Sustainable forest management, biodiversity and resilience to climate change

The importance of sustainable and multifunctional forest management is widely acknowledged, due to its benefits for society. Resilient and diverse European forests, managed through different types of ownership, provide a wide array of forest ecosystem services including raw material production, climate change mitigation, biodiversity conservation and protection of water-related ecosystems.


Capitalizing on the interdependencies between forest management and functional diversity

The extent to which forest management interventions impact on stand development depends on the relationship between biodiversity and ecosystem functions. This relationship affects forest stands’ capacity to provide services like biomass production, as well as their resilience and restoration potential. In terms of functional traits in forest ecosystems, research is needed on the cause-effect relationship between two spheres: on the one hand, genetic and tree species diversity, structures at landscape and stand level, and soil diversity; and on the other hand, silvicultural and harvesting regimes. Relevant traits and threshold should be identified to allow better selection of genetic material and species combinations, with the goal of maximizing sustainable ecosystem functions. All sustainability aspects, as well as the impact of climate change, need to be taken into account when analysing the consequences for biomass production, carbon sequestration, biodiversity conservation and the provision of other ecosystem services.

Examples of innovation activities

  • Improve forest management approaches to better harness functional diversity
  • Identify functional traits in forest ecosystems that improve the long-term sequestration of soil organic carbon


Strengthening forest ecosystem resilience and fostering Climate Smart Forestry

The concept of Climate Smart Forestry combines the reduction of greenhouse gas emissions with the strengthening of forest resilience and a sustainable increase in forest productivity and income. To accomplish this, forest management needs to be adapted to local and regional circumstances, and the mitigation of abiotic and biotic risks, including the impact of ungulates, needs to be improved. Research is needed on using vigorous regeneration material, altered growth dynamics, species shift and silvicultural regimes to foster growth under changing climate conditions. Further insights into hazard interaction analysis, the role of forest structures and the efficiency of prevention measures are required to develop new strategies for risk management that increase resilience and support the design of insurance schemes. Analysing trade-offs between mitigation and adaptation measures should guide regionally tailored forest management strategies and post-disturbance regeneration.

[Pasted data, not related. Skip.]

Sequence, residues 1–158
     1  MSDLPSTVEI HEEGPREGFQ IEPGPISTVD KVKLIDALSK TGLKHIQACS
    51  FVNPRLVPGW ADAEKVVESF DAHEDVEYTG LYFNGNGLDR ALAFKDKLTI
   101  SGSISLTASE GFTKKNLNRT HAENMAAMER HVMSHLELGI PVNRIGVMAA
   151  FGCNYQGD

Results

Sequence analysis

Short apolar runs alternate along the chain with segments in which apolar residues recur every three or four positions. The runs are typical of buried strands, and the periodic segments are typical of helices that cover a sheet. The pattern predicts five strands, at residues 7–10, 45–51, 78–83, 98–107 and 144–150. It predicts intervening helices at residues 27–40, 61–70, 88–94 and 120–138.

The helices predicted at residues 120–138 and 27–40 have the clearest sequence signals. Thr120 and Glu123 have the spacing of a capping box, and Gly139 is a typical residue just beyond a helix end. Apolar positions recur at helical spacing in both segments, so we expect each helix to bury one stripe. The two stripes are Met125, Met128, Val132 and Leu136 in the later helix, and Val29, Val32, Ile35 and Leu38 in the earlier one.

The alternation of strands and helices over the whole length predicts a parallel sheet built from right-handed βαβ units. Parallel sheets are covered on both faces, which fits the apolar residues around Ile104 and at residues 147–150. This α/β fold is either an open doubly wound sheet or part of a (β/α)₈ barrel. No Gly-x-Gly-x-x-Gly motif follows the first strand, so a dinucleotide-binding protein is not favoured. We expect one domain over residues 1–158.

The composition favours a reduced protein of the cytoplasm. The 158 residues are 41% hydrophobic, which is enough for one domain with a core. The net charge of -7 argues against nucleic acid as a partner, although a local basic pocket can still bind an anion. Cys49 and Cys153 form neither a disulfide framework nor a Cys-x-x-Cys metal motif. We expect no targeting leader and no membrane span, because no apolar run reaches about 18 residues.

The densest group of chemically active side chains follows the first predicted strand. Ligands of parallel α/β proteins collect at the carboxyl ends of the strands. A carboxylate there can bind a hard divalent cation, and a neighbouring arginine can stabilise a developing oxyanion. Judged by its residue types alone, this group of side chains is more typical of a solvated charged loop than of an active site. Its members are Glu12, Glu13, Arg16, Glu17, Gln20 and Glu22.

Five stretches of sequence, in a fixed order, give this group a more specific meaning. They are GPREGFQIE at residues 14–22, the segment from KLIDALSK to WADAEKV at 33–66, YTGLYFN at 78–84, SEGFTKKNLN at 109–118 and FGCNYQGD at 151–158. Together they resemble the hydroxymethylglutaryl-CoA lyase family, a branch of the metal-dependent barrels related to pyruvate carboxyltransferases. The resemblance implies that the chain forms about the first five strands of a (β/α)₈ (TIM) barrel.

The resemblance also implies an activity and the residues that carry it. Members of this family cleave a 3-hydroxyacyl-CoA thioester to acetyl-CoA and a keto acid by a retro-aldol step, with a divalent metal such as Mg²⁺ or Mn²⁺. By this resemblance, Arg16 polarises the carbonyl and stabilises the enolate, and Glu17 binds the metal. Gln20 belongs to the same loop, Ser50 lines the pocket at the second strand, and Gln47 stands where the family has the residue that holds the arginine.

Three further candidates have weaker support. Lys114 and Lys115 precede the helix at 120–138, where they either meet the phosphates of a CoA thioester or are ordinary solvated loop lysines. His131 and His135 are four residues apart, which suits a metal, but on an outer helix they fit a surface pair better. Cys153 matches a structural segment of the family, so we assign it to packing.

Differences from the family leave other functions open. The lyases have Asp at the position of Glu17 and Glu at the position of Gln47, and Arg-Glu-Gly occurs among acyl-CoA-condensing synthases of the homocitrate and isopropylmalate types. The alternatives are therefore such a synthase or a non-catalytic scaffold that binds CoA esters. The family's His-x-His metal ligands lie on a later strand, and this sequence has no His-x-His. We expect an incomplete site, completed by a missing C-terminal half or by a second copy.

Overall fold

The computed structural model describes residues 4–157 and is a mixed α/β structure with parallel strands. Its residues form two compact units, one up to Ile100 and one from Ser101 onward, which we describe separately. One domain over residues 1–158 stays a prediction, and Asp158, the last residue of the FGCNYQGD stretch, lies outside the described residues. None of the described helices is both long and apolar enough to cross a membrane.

Examples of innovation activities

  • Develop early-warning systems that harness the digital revolution to identify and map forest pests and diseases, including invasive species


Mitigating wildfire risks in forested landscapes

Land abandonment, unmanaged forests, urban sprawl and changing climate conditions all contribute to the growing risk of wildfires occurring, spreading and burning with greater intensity. This has severe consequences on nature, the carbon sink and the affected socio-economic systems. The resilience of forested landscapes needs to be strengthened through integrated wildfire management approaches, with a stronger focus on prevention and preparedness. Research is needed on the influence of climate change and socio-economic trends on the vulnerability of forested landscapes, and on new approaches to improving their fire resistance and resilience. As part of this, risks in the wildland-urban interface should also be addressed. More insights into fire prevention, behavior, detection and post-fire recovery should be sought, including better fire risk assessment models, decision support tools for integrated long-term fuel management, restoration of burned areas, and the design of fire-smart landscapes and infrastructures.

Examples of innovation activities

  • Improve prediction capacity and real-time risk analysis for large and severe fires


Improving the partnership with citizens

There are remarkable differences in how certain segments of society and the forest-based sector perceive the value of forests, their management and economic significance. Societal perception and public appreciation of the ways in which actively managed forests provide multiple benefits for citizens, including the use of wood for a wide variety of products and energy, have to be improved. Research is needed to design new ways of interacting with citizens, local communities and stakeholders in other sectors, and to better understand their demands. New approaches to building trust and increasing awareness of how the forest-based sector contributes to a sustainable and climate-neutral society are also needed. Efforts to better understand the values and priorities of citizens across the EU and Europe could include setting up a database on public perceptions of forests, and establishing new ways to interact with the public (e.g. living labs, co-creation approaches). Combined with crowd science and social media activities, these efforts could strengthen the partnership between the sector and the public, in particular with young citizens.

Examples of and innovation activities:

  • Develop tools to monitor and project shifting societal demands, including scenarios for future priorities in the use of forests
  • Use novel approaches, including new digital media, to personally involve citizens in the dialogue on forests